Monday, November 02, 2009

The Numbers at Agincourt II

Having taken a closer look, I don't believe Anne Curry's revisionist numbers for the English, either. If the quotes posted here are correct, she accounts for men invalided home and detached to garrison Harfleur. While the size of the garrison is reasonably well attested, it's not clear how complete the surviving records of those invalided home are.

Another key missing piece is the number that died during the siege from dysentery, what the era knew as "bloody flux". The English administrative records were not set up to record a comprehensive total of deaths by disease during the siege. There is no way to get a reasonably precise number.

What we do know is that the number was high. The English lost a bishop, an earl and at least eight knights at Harfleur. The chronicler Monstrelet believed more than 2,000 died. Less than forty deaths were recorded in the official records, but so much the worse for the official records. We know that many of the records have not survived, and the death toll among the nobility and knights suggests disease deaths at about 10%.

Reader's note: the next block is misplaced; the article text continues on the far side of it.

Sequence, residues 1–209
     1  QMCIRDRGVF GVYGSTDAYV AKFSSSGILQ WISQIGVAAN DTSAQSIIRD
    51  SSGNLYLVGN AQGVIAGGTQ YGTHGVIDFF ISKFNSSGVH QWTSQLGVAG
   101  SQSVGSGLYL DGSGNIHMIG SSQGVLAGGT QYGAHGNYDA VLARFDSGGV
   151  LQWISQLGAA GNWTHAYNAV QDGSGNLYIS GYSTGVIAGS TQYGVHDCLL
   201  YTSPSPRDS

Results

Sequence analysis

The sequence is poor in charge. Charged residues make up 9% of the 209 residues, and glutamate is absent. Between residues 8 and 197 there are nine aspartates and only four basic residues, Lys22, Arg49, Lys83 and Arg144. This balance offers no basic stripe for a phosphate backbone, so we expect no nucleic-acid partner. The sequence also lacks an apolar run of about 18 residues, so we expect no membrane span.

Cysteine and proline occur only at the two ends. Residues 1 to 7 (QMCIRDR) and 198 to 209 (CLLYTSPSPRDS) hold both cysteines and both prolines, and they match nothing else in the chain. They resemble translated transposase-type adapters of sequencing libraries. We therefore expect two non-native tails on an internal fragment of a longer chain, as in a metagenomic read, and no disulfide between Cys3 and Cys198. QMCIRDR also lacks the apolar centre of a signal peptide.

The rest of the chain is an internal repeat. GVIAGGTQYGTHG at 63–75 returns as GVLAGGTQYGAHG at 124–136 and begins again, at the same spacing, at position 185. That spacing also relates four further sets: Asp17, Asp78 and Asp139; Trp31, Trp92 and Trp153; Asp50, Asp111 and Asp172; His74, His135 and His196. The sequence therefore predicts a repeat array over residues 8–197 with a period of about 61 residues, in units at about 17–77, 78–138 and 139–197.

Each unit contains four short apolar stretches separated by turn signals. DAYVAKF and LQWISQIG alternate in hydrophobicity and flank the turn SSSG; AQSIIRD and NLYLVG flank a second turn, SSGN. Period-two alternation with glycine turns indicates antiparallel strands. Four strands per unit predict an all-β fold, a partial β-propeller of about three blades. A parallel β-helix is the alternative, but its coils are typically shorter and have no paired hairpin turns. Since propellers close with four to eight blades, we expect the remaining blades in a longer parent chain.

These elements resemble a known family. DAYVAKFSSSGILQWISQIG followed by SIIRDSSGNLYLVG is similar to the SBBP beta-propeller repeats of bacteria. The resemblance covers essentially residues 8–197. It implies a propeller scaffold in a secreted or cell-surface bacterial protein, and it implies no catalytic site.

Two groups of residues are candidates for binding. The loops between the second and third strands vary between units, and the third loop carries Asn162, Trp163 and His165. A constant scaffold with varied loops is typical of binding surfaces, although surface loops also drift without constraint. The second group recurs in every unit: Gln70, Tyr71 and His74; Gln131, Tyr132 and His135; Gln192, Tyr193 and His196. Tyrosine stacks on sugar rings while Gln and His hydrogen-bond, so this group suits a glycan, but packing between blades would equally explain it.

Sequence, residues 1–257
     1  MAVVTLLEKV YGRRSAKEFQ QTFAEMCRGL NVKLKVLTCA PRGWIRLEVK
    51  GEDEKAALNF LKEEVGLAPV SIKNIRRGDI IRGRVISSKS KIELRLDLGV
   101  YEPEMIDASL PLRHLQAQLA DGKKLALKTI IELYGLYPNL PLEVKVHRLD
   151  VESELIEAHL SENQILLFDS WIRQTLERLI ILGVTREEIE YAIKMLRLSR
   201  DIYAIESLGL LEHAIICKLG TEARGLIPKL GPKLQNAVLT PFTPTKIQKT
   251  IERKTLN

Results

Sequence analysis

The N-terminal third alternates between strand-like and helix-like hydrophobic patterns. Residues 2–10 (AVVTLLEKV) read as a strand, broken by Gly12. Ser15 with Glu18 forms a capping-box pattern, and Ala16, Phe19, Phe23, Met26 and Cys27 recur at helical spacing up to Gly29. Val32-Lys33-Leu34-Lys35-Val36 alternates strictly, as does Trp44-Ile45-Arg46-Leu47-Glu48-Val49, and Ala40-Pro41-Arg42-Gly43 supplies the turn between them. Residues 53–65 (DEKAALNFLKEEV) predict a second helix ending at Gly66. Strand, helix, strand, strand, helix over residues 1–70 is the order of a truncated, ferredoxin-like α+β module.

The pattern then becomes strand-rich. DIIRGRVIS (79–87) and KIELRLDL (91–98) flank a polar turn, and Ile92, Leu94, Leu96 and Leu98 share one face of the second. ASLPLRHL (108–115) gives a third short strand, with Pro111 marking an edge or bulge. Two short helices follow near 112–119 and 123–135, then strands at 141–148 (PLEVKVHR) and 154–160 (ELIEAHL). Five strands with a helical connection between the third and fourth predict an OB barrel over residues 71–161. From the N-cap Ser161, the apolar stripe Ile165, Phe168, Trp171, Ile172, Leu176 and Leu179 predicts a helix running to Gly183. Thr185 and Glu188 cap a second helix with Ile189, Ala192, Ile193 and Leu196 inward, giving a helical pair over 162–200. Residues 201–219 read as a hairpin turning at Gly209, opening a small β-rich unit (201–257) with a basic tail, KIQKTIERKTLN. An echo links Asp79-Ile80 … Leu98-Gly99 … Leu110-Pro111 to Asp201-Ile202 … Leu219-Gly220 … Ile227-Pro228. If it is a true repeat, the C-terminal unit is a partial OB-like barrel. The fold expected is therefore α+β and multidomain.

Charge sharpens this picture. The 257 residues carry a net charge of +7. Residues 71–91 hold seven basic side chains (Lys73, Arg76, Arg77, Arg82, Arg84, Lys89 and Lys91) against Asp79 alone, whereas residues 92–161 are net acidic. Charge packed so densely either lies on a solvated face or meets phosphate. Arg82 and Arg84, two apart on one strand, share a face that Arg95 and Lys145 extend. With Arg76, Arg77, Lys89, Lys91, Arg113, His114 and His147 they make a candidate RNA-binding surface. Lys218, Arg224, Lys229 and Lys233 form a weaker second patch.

Monstrelet's estimate might be high, or low. Given the deaths among the peerage, I wouldn't bet on 2,000 deaths being an overestimate, and many more were invalided home than died at Harfleur.

If so, the English army at Agincourt was probably closer to the 6,000 of the Gesta Henrici Quinti than the revisionist 9,000 of Anne Curry.

1 comment:

Anonymous said...

Those were exactly my thoughts - wasn't Curry using the initial muster rolls at the _beginning_ of the campaign rather than at the time of Agincourt in October?
There should be monthly inspection ("montre") records throughout the campaign, which should give a much closer estimate. At least a bit later in the war, the English government required regular inspections of field units once a month - I've read and translated a number of these from the 1420s and '30s, although I haven't looked at any from the Agincourt campaign.

Maybe I'm just allergic to the hype surrounding revisionism, but I was deeply suspicious when I saw the news reports of Curry's book - especially the claim that the victory is a "national myth", or words to that effect. Even Curry's numbers would still indicate that the English faced heavy odds.